"...Those optimistic assessments were catastrophically wrong. Iraqi troops have literally melted away rather than fight militants from the Islamic State of Iraq and al-Sham, abandoning their uniforms and enormous amounts of American-supplied vehicles, weaponry, and ammunition as they fled south.

"...In late 2011, James Dubik, the retired three-star American general who led training of Iraqi forces until 2008, noted that the country's military still needed to hone its counterinsurgency training, wasn't capable of deterring external threats, and didn't have the capabilities required to sustain itself in a long-term fight. Indeed, today some believe the Iraqi army has become a "checkpoint military" -- good at static security, but flawed when it comes to actually fighting militants on the battlefield.

"...To Dubik, the best analogy to describe the condition in which the United States left Iraqi forces in 2011 is in the form of a spear: American forces had successfully created the 'tippy end' for Iraq, but the rest of the spear -- the maintenance of equipment, the logistics skills required to conduct operations, medical capabilities, and the like -- were still on the "to do" list.

'We left before we were done,' he said. More of our story here.

This is how a Sunni taxi driver from Mosul sees the world with ISIS - and Maliki's government. SPIEGEL Staff: "Masoud Ali, a tall, friendly man with a beard and green eyes, was a taxi driver in Mosul until a few days ago. He likes the desert, and he loves his wife and his yellow Nissan. He never paid much attention to politics until now... But then fighters with the ‘Islamic State in Iraq and Syria,' or ISIS, overran the city of two million. An evening curfew has been in force in Mosul since last Monday, says Ali. He and his family heard gunshots near their apartment on Tuesday, and when Ali looked outside, he saw a dead body lying on the street.

"...A day later, Masoud Ali loaded his family into his car and stepped on the gas. As they drove away, they could see police uniforms and abandoned military vehicles in the ditch. Government troops, most of them Sunnis, had surrendered to the Sunni ISIS fighters. Ali, like most residents of Mosul, is also a Sunni. He had heard the mayor calling for the citizens of Mosul to defend themselves against ISIS.

Masoud Ali: "But why should I have defended myself?... For the Shiite government? For Prime Minister Maliki, who oppresses the Sunnis?...The conflict has escalated because people in Iraq don't like the government anymore." More here.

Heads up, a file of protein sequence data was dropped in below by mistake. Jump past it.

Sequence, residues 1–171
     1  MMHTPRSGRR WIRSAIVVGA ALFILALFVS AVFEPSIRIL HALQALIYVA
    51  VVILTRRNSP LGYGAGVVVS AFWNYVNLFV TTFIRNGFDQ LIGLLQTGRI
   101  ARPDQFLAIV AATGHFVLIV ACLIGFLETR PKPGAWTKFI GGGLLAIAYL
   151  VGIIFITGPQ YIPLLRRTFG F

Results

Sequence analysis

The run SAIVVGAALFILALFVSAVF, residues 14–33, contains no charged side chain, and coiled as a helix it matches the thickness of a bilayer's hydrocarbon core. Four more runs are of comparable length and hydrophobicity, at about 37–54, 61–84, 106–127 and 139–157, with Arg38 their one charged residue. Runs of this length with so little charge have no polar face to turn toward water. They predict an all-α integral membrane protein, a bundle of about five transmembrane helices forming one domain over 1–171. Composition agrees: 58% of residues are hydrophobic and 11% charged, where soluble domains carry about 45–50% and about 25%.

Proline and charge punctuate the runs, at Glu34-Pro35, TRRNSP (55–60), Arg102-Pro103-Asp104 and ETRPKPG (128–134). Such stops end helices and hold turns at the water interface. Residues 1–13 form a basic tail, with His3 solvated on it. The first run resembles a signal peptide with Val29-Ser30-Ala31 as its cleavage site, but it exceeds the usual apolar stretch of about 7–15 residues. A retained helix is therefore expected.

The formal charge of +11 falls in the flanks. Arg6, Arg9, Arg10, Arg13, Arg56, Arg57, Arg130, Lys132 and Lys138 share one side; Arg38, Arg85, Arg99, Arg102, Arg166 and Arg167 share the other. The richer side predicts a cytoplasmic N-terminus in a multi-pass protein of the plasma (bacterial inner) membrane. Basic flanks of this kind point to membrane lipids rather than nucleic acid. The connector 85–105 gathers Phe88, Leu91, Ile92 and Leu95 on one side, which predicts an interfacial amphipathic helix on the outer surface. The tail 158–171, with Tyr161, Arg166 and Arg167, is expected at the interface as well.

Iraq's Kurds sold their first tanker full of oil to Israel last week, moving closer to independence by Forbes' Christopher Helman, here.

Survey says: A new poll shows deep dissatisfaction with Obama's foreign policy among the GOP and Dems. There may be some irony in the fact that President Obama has been accused of conducting foreign policy based on poll numbers, ending unpopular wars and trying to stay out of world conflicts. But now those decisions seem to be coming back to haunt him. The NYT's Michael Shear and Dalia Sussman on the new NYT/CBS News poll: "...The survey suggests that most Americans back some of Mr. Obama's approaches to the crisis in Iraq, including majority support for the possibility of drone strikes. But the poll documents an increasing lack of faith in the president and his leadership, and shows deep concern that further intervention by the United States in Iraq could lead to another long and costly involvement there.  The poll found that 58 percent of Americans disapprove of the way Mr. Obama is handling foreign policy, a jump of 10 points in the last month to the highest level since Mr. Obama took office in 2009. The spike in disapproval is especially striking among Democrats, nearly a third of whom said they did not approve of his handling of foreign policy." More here.

The first thing you do to right the ship? Admit you were steering it in the wrong direction in the first place. FP's David Rothkopf: "If there was a turning point in the presidency of George W. Bush, it came when he and his team finally accepted that their strategy in Iraq was not working and embraced the idea of the ‘surge.' It prompted them to admit they were wrong and to adapt.

"...We are at a moment ripe for such a realization and a manifestation of flexibility for President Barack Obama...The events are not unrelated, of course. Reasonable analysts are pointing out that the roots of the instability that wracks Iraq today can be traced not only to the Bush-era invasion of Iraq but also to the only-temporary benefits won by the surge and the failure of both Bush and Obama to address the deep political flaws in the Iraqi system earlier. But the current events in Iraq are not just a flashback. They are much more dangerous than the insurgency the Bush team eventually, and reluctantly, admitted had been gaining ground through 2005 and 2006." More here.